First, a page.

Green Arrow #43 – Julie Benson, Shawna Benson, Writers; Javier Fernandez, Artist; John Kalisz, Colorist
Ray – 4/10
Ray: The first issue of the Benson sisters’ run on Green Arrow was actually the recent annual, which tied in to Justice League: No Justice and was actually a highly entertaining action-adventure that made good use of Amanda Waller, Barbara Gordon, and Ollie himself. Despite my issues with their Birds of Prey run, that made me optimistic that they might have the right angle for Green Arrow. Those hopes were largely dashed with Green Arrow #34, an issue that seems to have the right ideas for what a Green Arrow run should be, but not the execution to pull it off. Picking up from the annual, with Ollie dealing with a massive responsibility of a secret anti-Justice League weapon courtesy of Martian Manhunter, the story immediately shifts the focus to the partnership between Ollie and Roy Harper, who are teaming up to stop a corrupt landlord named Jubal Slade from blowing up buildings with tenants inside. A high-wire escape kicks the book off with a bang, but the dialogue is an issue – Slade is far too cartoonishly evil, and Roy and Ollie’s constant snark feels like they’ve come nowhere in regards to sorting out their partnership.
Also, where’s Emiko? Ollie and Dinah are moving in together, and seem to be moving forward with their relationship – Emiko’s a big part of that. She’s Ollie’s sister and he’s her legal guardian, but she seems to have been left to go off by herself to capture criminals with Damian. DC really doesn’t like to let its superhero parents actually be parents, does it? The dialogue in this issue is a big problem. It drops a lot of major plot threads including the secret weapon and Roy apparently having ties to Sanctuary, but the dialogue (using words like “tum-tum”) is so overly jokey that it doesn’t give the scenes any weight. The biggest problem, though, is the villain – The Citizen, a radical Anarky-like villain who targets the rich and corrupt, executing Jubal Slade late in the issue and setting his sights on Ollie in the next issue. Green Arrow comics should be socially relevant, but this is a very clumsy handling of a character who seems like a more violent version of Anarky. Having him actually refer to himself as a “Social Justice Warrior” feels like a bad flashback to the awkward arc of Birds of Prey involving radfems trying to commit genocide against the men in Gotham. Based on this first issue, this run wants to deal with heavy issues, but it’s bitten off a lot more than it can chew.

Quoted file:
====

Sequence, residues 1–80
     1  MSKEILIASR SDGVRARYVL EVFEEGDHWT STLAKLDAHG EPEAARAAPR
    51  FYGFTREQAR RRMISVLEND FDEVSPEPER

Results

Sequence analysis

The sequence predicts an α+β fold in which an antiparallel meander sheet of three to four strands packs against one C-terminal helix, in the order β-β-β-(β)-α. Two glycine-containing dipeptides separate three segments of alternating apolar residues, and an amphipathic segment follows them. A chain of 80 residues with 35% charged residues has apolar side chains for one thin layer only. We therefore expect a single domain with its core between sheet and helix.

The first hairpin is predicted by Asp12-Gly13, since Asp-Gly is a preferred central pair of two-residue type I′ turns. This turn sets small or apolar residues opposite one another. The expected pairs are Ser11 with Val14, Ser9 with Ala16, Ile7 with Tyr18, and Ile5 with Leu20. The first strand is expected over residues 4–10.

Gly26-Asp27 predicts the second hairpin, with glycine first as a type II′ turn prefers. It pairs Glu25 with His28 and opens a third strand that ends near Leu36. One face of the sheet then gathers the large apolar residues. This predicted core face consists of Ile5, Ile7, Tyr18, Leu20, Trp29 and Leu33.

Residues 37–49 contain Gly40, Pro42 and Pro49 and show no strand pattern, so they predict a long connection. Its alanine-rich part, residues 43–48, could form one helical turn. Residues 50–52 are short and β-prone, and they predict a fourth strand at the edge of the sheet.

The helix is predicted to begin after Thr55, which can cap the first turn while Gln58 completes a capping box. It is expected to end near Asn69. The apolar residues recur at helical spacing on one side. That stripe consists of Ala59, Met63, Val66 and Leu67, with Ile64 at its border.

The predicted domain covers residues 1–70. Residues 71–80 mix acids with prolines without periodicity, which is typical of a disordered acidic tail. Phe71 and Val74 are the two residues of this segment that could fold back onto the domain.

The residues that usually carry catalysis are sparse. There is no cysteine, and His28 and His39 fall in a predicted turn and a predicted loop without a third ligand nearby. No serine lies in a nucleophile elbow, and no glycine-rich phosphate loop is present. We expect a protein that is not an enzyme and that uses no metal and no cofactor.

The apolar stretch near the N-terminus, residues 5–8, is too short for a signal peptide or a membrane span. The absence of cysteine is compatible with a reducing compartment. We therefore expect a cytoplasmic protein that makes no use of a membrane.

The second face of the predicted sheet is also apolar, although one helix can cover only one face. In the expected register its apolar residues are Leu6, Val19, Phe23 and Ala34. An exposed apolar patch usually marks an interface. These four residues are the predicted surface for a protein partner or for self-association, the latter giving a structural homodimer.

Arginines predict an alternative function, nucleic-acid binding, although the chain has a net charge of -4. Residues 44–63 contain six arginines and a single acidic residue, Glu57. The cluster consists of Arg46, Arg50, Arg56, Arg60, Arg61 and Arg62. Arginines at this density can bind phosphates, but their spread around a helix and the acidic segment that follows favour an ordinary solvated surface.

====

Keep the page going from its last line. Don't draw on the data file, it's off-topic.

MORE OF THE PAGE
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GeekDad received this comic for review purposes.